In the late nineties, Bill and I went on a four week Rick Steves tour of France. One of the stops was in Normandy where we visited the D-Day beaches. It was an emotional day. I grew up in Arizona. When I heard the words “Normandy Beaches” I envisioned something akin to San Diego. I had no understanding those towering cliffs stocked with German machine gun nests and sharp shooters trying to take out every Allied soldier who set foot on solid ground on the beaches far below. We saw a news-clip based movie in the basement of the museum where, the moment the lights went down, a man in the row behind us began to sob. I have no idea which side he was on for D-Day, but I know for a fact that he was there.

After the museum, we went to the cemetery. It was a somber, awe-inspiring visit, and it was a subdued bunch of tourists who re-boarded on the bus. As it pulled out, one of our fellow travelers, a woman from San Francisco, said, “Are we going to the German cemetery now?” When I heard her say that, my unspoken thought was, “Which bus do you think you’re on, lady?” That’s what I thought. Thank goodness I didn’t say it.

That night, at dinner, we shared a table with that same woman. Over dinner she told us her story. Her father was a German immigrant married to a US citizen. He was working as a printer for a German language newspaper in Milwaukee at the outbreak of World War II. He was taken into custody and was held in a local jail for an extended period of time where he developed TB. Once the Crystal City War Relocation Center was established in Texas, he was transferred there. By then he was terribly ill. Since medical care was in short supply at the camp, his wife asked if she could go there to help care for him. The Department of Justice replied that she was more than welcome to do so as long as she gave up US citizenship for both herself and her two daughters.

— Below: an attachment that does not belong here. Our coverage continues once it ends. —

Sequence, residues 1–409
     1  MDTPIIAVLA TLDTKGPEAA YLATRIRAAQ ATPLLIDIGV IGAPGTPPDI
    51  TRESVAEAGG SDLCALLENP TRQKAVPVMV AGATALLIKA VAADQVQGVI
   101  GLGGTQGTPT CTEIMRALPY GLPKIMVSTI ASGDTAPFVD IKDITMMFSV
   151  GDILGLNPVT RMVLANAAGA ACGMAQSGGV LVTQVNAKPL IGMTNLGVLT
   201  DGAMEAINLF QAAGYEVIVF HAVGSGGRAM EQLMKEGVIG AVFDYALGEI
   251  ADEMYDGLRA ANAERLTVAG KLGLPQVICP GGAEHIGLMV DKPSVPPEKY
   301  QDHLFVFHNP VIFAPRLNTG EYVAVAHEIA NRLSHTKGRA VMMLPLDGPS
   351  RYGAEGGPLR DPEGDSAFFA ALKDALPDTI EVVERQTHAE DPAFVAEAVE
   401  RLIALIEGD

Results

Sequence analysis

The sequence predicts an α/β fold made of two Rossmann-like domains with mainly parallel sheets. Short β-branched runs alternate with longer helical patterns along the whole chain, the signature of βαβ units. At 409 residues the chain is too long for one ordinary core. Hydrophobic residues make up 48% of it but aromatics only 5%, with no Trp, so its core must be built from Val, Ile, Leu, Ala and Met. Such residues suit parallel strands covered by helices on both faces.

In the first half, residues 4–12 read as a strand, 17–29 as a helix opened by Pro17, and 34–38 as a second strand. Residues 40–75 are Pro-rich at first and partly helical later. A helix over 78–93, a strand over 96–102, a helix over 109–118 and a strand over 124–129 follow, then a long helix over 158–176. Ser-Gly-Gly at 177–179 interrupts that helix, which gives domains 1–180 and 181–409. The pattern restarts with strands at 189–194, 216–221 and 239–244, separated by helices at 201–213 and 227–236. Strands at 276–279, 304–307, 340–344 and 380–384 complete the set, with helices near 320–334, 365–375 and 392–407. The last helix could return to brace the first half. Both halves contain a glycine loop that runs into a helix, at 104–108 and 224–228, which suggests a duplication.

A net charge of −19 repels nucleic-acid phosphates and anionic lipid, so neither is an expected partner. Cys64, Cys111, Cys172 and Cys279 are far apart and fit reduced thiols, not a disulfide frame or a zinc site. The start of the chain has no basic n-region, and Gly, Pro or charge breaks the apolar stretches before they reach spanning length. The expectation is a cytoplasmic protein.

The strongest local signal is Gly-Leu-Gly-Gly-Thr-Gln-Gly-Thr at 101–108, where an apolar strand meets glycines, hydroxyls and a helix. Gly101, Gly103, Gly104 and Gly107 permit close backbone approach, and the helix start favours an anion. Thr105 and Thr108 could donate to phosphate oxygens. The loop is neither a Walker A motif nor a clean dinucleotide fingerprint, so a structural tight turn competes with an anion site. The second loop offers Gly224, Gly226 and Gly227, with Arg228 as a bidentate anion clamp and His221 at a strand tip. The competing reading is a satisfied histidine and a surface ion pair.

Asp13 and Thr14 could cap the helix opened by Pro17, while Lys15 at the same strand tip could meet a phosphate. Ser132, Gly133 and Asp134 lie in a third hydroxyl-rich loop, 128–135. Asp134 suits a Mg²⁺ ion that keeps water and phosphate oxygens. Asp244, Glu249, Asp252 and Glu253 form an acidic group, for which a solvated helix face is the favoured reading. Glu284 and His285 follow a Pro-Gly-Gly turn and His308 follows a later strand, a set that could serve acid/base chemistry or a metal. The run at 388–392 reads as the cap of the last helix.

And that’s what happened. The family went to Texas. Sometime after their arrival in Crystal City, there was a POW exchange, and the family was loaded onto a Swedish ship to be “returned to Germany” although the wife and her daughters had never set foot outside the US until they boarded that ship. The father died during the transatlantic crossing and was buried at sea. His wife and daughters spent years as displaced persons in war-torn Europe before they were finally able to make their way back home to the States.

That’s where Sister Anselm came from. I used some of the real details I learned from my fellow Rick Steves passenger to create Sister Anselm’s background. My understanding is that nowadays on that same Normandy Beach stop visitors stop by BOTH cemeteries, and that’s as it should be.

And if Dawn Masanaga of “fill up on bread” fame happens to read this, I hope she’ll be in touch. After more than fifty years I still owe her an apology.

As for Milton? Thanks to you, too, not only for setting me straight on the book detail but also for writing to me again this morning. Without your suggestion in today’s e-mail, I wouldn’t have had anything to write about today, and my Friday morning blog readers would have been up a creek.